Park Hills city leaders are looking into the possibility of putting an end to its practice of adding fluoride to the town’s drinking water system.
Members of the Park Hills City Council discussed the topic during a recent work session.
City Administrator Matt Whitwell said he asked council members at the meeting if anyone was opposed to the idea of looking into the issue. Whitwell said no one seemed to be against it.
He noted that the city’s investigation into the matter is extremely preliminary, adding that area residents will be given the opportunity to share their opinions on the issue at a public hearing before any decisions are made.
“People would be able to voice concerns on both ends,” he said. “It’s not set in stone that it will be eliminated from the system.”
The public hearing tentatively has been set for July 14. It would take place at the start of the evening’s regular council session.
Whitwell said city leaders will make sure data on the topic of fluoride being added to public drinking water systems is made available to area residents prior to the hearing, “so everybody is as informed as possible.”
As the date for the public hearing approaches, anyone who is unable to attend will be given the chance to share their thoughts on the matter in writing, he said.
The state’s Department of Natural Resources (DNR) sets the standards for public drinking water systems. Right now, the state maximum for allowable fluoride levels is four parts per million, Whitwell said.
The amount of fluoride in the city’s water supply currently tests at one part per million, he said. The figure takes into account the fluoride the city adds to the system.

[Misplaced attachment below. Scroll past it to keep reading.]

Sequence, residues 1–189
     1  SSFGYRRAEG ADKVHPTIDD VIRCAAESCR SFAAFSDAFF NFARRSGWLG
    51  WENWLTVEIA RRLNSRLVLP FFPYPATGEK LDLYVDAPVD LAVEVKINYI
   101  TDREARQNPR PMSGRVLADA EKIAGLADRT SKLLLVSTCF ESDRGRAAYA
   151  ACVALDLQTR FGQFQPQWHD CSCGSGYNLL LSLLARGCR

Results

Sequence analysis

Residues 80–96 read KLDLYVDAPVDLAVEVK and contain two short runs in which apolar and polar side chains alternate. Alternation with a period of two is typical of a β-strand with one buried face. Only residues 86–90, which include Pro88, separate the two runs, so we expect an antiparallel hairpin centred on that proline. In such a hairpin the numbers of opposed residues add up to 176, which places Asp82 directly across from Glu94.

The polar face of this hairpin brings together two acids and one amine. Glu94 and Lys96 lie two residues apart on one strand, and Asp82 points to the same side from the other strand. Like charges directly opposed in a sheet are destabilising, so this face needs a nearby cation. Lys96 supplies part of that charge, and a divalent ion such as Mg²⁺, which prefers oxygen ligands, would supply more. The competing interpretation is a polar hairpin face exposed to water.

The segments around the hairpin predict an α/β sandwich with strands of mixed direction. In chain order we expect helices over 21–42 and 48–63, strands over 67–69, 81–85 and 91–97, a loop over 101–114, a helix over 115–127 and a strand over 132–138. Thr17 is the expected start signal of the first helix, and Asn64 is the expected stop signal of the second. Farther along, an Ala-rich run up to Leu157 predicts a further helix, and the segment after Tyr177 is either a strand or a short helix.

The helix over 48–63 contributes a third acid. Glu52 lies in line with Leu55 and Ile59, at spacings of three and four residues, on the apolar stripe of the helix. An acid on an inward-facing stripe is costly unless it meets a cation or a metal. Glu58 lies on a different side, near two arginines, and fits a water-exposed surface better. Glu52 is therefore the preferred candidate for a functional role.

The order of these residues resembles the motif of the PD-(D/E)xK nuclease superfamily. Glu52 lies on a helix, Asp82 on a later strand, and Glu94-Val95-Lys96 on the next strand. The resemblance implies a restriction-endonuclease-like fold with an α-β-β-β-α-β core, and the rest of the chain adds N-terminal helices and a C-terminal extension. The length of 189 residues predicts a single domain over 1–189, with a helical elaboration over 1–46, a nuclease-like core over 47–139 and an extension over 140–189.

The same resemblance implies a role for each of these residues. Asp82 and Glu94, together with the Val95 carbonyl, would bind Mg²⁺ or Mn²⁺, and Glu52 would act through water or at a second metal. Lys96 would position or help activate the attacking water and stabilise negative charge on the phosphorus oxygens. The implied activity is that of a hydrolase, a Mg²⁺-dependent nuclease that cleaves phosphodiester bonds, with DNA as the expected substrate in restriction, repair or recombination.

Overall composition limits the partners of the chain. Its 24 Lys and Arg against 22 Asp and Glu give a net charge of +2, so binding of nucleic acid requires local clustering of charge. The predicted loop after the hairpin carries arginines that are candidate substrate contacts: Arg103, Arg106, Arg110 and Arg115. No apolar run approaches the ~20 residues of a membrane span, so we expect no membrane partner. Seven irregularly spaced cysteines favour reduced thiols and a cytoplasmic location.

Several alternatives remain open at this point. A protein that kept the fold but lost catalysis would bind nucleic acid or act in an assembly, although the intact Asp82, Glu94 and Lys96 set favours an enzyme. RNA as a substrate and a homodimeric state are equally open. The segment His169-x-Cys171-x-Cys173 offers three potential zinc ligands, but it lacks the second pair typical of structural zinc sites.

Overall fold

If the city were to stop injecting the substance into the town’s water supply, the expectation is that fluoride levels would drop to between roughly 0.2 and 0.5 parts per million, Whitwell said.
“There are levels of fluoride that are naturally occurring,” he said. “Elimination of the injection of fluoride into the system does not mean there will be none at all.”
Whitwell said if the city decides to stop adding fluoride to the system, the levels of fluoride in city drinking water still would fall within state requirements. He noted that public water supply systems do not receive violation notices from the DNR unless the water supply contains excess levels of fluoride.
This issue arose due to discussions at the state level about the possibility of reducing recommendations for fluoride in drinking water. He said studies have shown that too much fluoride can cause tooth discoloration and that fluoride is available through many other sources including toothpaste and mouth rinses.
“The most recent studies are saying too much fluoride can actually be a bad thing,” he said.
A decision to stop adding fluoride to the drinking water supply could save the city roughly $18,000 per year “on the low end,” Whitwell said.
He said the financial advantages, however, are not the main concern.
To his knowledge, Park Hills has always injected fluoride into the drinking water supply.